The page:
Lance Rios of Being Latino, DigiBunch and Hispanicize Shares the Secrets of Marketing to Latinos
"Monolithic community" is not a phrase that describes the wide-spanning and vibrant Latino community. Latinos hail from many different countries and regions, representing different age groups, religions and understandings. Lance Rios, the president and founder of DigiBunch, company partner at Hispanicize and president and founder of Being Latino, recognizes that there isn't one product that appeals to all Latinos, all of the time.
Rios, whose past work includes ad sales and extensive work in Hispanic marketing, spoke with Latin Post about marketing to the Latino American community and the importance of understanding Latinos before advertising to them.
After launching Being Latino just five years ago as a Facebook fan page, the enterprise has grown significantly,, capturing great content, connections and a strong following as it powered forward to become the largest social network for Hispanics. The thriving network offers relevant information to the Latino community, providing "the best content possible, because, at the end of the day, the best content wins the game," Rios said.
"We make sure that we're extremely conscious about the fact that different Latinos have different interests, depending on your country of origin and where you were raised in the United States, your age. Content should consistently target those niche groups so that, collectively, we do reach a wide range of people, connecting them across one commonality: being Latino," said Rios, who was born to Puerto Rican American parents. "From the marketing perspective, we have the ability to not only create messaging that can appeal to the wide array of communities, but we also have the ability, among some of our Facebook platforms, to do niche-targeting only."
Born in Cleveland, Ohio, Rios keenly aware of the many Puerto Ricans who live in areas like the Midwest, not just Miami, Los Angeles and New York City. The belief that Latinos only live in metropolitan areas sharpened his awareness of his own unique Latino experience, particularly after he moved to New York after graduating from Bowling Green State University with a focus in sports management and marketing. Though he saw a stark difference between himself and Latinos raised in more urban areas, he recognized commonalities amidst the differences.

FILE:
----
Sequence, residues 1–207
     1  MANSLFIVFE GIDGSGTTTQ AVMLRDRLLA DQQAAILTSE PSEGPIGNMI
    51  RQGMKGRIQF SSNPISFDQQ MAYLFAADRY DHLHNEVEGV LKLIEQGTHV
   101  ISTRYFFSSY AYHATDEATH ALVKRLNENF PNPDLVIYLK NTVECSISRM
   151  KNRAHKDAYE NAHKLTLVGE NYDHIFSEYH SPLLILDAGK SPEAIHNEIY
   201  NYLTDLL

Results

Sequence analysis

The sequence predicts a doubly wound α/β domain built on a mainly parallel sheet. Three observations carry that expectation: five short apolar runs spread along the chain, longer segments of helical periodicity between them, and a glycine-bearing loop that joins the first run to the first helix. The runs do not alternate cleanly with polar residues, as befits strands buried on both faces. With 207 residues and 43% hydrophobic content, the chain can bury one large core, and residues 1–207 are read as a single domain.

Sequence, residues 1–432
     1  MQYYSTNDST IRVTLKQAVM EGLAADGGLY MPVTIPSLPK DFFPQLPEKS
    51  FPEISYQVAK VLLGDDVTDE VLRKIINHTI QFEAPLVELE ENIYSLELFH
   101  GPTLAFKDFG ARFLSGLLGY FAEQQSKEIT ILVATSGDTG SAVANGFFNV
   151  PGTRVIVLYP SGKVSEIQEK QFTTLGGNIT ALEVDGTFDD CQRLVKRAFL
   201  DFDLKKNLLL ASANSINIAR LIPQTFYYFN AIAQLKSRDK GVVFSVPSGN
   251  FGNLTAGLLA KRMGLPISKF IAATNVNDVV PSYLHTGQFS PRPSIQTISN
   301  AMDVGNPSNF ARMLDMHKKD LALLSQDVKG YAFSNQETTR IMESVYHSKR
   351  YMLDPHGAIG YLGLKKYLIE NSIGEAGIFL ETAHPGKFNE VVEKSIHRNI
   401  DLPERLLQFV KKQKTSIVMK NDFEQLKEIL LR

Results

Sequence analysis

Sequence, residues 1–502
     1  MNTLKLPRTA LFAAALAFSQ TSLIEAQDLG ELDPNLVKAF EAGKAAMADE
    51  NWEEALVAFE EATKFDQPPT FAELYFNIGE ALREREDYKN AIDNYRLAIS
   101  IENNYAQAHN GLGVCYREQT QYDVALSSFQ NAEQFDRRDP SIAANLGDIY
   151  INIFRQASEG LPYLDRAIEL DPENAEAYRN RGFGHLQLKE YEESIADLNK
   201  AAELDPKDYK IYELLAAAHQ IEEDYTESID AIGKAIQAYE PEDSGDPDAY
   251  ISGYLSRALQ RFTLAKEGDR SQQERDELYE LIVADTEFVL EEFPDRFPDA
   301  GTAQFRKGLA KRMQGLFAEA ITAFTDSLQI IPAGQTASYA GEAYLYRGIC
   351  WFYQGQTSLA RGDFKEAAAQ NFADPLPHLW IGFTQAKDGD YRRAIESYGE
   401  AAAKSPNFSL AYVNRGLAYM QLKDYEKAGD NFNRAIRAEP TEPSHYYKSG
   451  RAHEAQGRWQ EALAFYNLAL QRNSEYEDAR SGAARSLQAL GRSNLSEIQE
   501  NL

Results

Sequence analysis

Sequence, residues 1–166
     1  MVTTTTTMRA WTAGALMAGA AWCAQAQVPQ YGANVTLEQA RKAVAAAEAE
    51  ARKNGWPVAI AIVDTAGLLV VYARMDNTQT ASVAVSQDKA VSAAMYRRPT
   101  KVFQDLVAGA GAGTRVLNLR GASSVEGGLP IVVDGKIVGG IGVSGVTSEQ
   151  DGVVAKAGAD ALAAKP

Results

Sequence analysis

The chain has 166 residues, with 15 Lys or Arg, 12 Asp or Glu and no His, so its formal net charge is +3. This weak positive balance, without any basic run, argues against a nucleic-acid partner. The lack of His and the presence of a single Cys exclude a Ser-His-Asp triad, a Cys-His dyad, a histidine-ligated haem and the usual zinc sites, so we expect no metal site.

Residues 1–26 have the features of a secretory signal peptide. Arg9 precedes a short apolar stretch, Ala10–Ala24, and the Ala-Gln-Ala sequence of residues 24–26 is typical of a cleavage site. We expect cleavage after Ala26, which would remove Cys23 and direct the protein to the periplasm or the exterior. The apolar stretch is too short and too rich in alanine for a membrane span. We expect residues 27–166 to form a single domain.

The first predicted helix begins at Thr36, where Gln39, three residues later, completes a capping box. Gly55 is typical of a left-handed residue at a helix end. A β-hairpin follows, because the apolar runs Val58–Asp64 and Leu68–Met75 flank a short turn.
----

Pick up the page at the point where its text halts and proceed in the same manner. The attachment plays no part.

"I come from a place where many don't realize that Latinos even exist. In terms of marketers and digital space, it's very much like my experience. Many marketers don't realize that most Latinos in digital spaces are English-dominant," Rios said. "Marketing to Latinos only in Spanish and thinking that the Spanish language is the only means of marketing to them is no longer valid, especially in a digital space. You have to market it in a way that is culturally relevant, that makes sense to them."
Being Latino and its partner organizations are social media focused, dealing with marketers strictly from a social media and digital perspective. The company has worked with brands like Red Lobster, promoting family togetherness and family-oriented mealtimes. They've also worked with Heineken for a soccer-based initiative, placing that brand name in front of consumers in an organic way.
"[Latinos] are the only group where marketers have to focus on being culturally relevant all the time, all the way through, and must actively work to capture our attention," Rios said. "As the Latino community continues to grow, we see that millennials have a very different experience than their parents. People who follow [Being Latino] on social media expect us to be on top of our game. We plan to be that force to be reckoned with across social media and entertainment news."
Rios and his numerous partners have created an industry of promoting the Latino community and Latino-friendly products, while always challenging marketers to approach the Latino community in an informed and conscious way.
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